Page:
The presentation was very good, I think I know little about retrospectives and I think the presentation brought us very valuable tips. I used some of it on the very next day when we had a Retrospective here in Concrete.

   I was somewhat disappointed with one of the side discussions during the presentation. When talking about quality items on the making of the product, using refactoring as an example, he said that the team should just do it and there was no need to tell the PO about it.

   I asked him directly about transparency, and what he said was that the PO cares about “Done” and this does not concern him (or something in this line of thought). There was also a quick suggestion about telling the PO you’re working on some of the items of the Backlog.

   I understand that sometimes the team can do some tasks underneath the PO’s radar and that it can be easier than having to explain to the PO what is going on, but, imho, a lie is a lie, and even those tasks should be discussed with the PO openly.

   I think nothing should be hidden whenever possible. And if the PO, having the ability to choose, chooses wrong, it’s our job to live with it. To try to help him make better decisions and not deciding it all for him in the shadows is our role.

   I would rather tell the PO that the refactoring is necessary, why it is necessary, and let him know we are doing it.


Scrum Gathering Lectures Part I


In this post I continue my comments on the lectures I attended to at the “Scrum Gathering 2009 Brazil”.

  • Scrum e a crise mundial: Por que Scrum é a melhor opção para projetos em tempos de crise  – Rafael Sabbagh PUC Rio and Marcos Garrido – Palm I (Morning Session of the 12th)
       The presentation seemed closely related to the future dissertation of Rafael Sabbagh and Marcos Garrido, both doing their Masters in PUC Rio. The main line was that Scrum is easier to sell to clients in times of crisis, and this is a particular good time to do that.   On the good side, it was one of the few presentations with low demand on the knowledge of Scrum from the people watching. The bad, in my opinion, was that the presentation did not really define itself as being directed to clients or as being directed to the sales force. I also missed the traditional graphic with the ROI over time.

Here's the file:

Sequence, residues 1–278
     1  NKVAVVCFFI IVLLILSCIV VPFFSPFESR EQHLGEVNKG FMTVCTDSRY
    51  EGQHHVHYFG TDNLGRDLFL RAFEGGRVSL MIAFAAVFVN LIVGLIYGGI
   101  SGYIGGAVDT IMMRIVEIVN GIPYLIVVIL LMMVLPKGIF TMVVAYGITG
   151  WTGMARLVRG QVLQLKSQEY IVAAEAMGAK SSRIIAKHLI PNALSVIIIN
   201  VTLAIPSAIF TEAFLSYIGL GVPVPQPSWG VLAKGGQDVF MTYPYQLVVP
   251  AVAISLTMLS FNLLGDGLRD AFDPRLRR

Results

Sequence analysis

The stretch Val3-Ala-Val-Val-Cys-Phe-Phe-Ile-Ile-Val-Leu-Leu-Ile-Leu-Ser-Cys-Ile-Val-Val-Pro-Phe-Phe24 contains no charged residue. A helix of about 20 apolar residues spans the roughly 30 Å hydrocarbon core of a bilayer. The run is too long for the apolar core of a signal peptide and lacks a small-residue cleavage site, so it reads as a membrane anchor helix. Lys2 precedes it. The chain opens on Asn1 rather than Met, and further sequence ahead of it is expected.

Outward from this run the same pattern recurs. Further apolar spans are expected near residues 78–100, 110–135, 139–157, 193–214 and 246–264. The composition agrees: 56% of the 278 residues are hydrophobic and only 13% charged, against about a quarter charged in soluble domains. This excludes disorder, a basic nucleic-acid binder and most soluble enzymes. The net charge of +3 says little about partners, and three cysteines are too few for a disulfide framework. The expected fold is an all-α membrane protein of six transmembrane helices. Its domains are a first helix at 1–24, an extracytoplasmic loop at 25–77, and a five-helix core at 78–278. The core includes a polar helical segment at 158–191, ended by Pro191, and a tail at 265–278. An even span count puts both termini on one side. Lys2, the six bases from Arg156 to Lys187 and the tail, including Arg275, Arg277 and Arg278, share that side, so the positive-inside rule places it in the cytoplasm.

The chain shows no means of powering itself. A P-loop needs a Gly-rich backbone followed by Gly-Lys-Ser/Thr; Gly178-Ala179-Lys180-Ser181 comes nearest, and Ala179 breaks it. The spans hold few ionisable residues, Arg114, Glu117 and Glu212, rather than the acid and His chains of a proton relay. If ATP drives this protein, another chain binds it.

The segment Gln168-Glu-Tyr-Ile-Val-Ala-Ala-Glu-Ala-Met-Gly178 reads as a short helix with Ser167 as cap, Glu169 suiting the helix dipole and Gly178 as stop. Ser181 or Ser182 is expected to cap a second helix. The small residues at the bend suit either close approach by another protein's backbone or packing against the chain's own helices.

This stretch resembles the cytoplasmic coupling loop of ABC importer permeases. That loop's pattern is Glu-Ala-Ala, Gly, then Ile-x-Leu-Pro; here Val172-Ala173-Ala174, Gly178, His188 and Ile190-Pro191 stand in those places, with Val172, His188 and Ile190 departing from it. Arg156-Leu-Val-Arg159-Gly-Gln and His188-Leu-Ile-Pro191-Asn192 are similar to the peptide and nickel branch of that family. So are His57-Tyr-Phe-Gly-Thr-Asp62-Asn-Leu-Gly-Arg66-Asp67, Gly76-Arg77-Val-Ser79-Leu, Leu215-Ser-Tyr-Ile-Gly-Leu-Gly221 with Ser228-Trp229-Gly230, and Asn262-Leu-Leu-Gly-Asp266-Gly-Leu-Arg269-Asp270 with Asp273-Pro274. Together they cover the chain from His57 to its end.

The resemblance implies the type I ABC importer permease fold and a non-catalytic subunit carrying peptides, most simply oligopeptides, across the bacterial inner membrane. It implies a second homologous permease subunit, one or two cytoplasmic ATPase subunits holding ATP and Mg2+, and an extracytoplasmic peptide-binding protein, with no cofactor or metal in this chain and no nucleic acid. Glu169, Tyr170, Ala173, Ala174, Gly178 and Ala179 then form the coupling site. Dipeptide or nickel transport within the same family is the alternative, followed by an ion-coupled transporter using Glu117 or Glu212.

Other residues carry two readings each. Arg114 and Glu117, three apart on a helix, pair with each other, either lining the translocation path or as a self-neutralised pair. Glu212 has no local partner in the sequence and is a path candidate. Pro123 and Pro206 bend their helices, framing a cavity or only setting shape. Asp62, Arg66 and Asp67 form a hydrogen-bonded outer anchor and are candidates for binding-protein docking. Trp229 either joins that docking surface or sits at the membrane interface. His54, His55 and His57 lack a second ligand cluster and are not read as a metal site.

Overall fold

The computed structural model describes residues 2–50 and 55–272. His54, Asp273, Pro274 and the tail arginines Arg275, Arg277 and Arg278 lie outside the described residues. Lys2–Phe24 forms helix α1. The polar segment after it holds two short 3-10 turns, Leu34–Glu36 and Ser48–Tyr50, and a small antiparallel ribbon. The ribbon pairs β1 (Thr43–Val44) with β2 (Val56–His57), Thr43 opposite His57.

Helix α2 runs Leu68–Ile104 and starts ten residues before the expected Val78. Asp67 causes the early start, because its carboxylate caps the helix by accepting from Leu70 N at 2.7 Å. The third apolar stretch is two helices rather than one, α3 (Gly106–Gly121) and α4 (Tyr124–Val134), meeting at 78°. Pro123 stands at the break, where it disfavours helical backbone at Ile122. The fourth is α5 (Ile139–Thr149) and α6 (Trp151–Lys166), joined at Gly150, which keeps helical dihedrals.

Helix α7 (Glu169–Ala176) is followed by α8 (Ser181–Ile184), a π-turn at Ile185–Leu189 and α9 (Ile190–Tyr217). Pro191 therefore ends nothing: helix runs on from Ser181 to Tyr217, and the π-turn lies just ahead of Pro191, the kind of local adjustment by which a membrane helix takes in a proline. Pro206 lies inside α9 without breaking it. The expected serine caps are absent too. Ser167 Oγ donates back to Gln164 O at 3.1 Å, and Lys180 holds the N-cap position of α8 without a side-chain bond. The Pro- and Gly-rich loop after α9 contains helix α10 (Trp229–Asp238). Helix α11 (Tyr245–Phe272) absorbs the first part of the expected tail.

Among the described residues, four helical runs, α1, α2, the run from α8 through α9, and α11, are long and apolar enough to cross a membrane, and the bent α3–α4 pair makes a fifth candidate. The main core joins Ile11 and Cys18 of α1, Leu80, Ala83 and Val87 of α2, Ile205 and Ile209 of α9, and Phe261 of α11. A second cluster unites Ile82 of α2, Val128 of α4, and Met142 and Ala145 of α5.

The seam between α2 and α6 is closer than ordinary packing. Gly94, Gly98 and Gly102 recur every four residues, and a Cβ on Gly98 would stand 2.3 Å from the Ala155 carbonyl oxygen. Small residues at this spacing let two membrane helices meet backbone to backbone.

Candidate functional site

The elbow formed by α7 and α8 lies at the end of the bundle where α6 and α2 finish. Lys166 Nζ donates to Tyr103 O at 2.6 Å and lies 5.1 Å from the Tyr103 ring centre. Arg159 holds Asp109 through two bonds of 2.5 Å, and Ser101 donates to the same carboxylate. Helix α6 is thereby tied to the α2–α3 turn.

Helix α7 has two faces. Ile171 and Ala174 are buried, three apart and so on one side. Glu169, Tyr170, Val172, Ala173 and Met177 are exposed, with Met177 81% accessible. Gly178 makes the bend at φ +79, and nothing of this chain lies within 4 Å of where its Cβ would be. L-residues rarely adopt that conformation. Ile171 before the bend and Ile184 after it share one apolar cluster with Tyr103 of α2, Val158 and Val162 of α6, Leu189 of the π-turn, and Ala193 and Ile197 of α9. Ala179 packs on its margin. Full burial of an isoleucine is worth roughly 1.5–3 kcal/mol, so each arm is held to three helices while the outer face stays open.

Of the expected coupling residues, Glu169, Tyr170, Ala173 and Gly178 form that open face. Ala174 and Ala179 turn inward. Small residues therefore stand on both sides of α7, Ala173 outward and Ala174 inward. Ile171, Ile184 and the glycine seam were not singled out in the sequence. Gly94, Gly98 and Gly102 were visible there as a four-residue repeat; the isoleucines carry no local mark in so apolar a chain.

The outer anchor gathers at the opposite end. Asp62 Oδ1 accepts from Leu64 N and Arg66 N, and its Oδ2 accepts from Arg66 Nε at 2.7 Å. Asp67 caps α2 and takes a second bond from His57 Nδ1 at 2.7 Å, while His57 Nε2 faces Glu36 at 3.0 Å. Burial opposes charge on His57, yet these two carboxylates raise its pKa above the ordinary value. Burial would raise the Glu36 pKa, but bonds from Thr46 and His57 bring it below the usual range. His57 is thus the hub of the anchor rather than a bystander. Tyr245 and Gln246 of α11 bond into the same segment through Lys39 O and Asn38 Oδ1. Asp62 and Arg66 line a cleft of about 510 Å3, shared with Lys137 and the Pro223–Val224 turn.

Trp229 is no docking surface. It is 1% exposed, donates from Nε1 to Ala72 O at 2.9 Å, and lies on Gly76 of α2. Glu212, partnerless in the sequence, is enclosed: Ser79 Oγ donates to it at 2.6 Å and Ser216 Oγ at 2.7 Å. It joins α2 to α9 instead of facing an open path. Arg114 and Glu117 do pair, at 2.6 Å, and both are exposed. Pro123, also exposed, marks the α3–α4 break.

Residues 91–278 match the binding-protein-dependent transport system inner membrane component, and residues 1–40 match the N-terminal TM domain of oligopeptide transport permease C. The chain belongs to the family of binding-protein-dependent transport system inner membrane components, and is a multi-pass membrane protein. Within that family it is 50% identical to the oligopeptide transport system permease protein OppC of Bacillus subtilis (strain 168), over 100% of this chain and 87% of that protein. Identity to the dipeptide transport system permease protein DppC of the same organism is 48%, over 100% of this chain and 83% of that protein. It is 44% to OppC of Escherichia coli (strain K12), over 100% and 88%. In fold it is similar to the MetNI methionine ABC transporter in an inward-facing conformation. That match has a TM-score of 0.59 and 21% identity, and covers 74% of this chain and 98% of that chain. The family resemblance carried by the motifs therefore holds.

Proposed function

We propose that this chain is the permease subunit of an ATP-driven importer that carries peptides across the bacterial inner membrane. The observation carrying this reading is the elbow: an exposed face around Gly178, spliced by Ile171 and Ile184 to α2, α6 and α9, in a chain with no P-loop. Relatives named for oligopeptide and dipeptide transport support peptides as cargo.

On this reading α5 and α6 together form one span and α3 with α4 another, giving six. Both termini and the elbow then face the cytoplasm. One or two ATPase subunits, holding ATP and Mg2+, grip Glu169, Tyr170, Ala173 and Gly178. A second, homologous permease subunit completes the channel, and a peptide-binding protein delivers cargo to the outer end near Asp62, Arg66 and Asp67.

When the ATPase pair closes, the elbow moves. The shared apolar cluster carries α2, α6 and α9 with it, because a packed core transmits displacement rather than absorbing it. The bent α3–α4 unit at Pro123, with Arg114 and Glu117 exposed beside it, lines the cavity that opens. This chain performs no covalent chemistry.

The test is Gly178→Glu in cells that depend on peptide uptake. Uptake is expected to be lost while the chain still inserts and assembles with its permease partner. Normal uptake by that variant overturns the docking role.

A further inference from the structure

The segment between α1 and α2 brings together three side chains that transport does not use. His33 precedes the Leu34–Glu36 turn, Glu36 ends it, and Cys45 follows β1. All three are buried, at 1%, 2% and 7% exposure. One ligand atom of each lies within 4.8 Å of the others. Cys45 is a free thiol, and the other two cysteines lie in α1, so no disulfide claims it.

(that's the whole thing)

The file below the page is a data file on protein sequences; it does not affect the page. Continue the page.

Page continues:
The early delivery of value by using Scrum.   

The early delivery of value by using Scrum.

   I also think that the theme itself is very relevant but kind of bold because the presenters are not from the sales department. As a personal, very personal choice, I would not dare do this without most of the slides coming from the commercial department.
   After the presentation the discussion was very good, and kept going and going, no one wanted to leave the room.

  • Keynote Address – Ken Schwaber, co-founder Scrum & President Scrum Alliance – Grand I & II (Virtual Presentation)
       It was one of the usual presentations from Ken Schwaber. Usual to him, awesome to the rest of us! The crowd went wild when in a question (pinning Ken versus the PMI presentation earlier) where Ken answered that the project was done by the ProductOwner, ScrumMaster and the Team, so, there was no place for a Project Manager. 
       Of course the ScrumMaster is a Project Manager, but it was a great stunt that few are capable of pulling out. There was lots of cheering in the audience here.
    We also did the command & control exercise following Ken’s instructions. It was done to illustrate the power of self-management, and this often gets me thinking that at the end of the day Ken is all about being ethical in the workplace. The exercise itself was kind of awkward because most of the audience had done it already.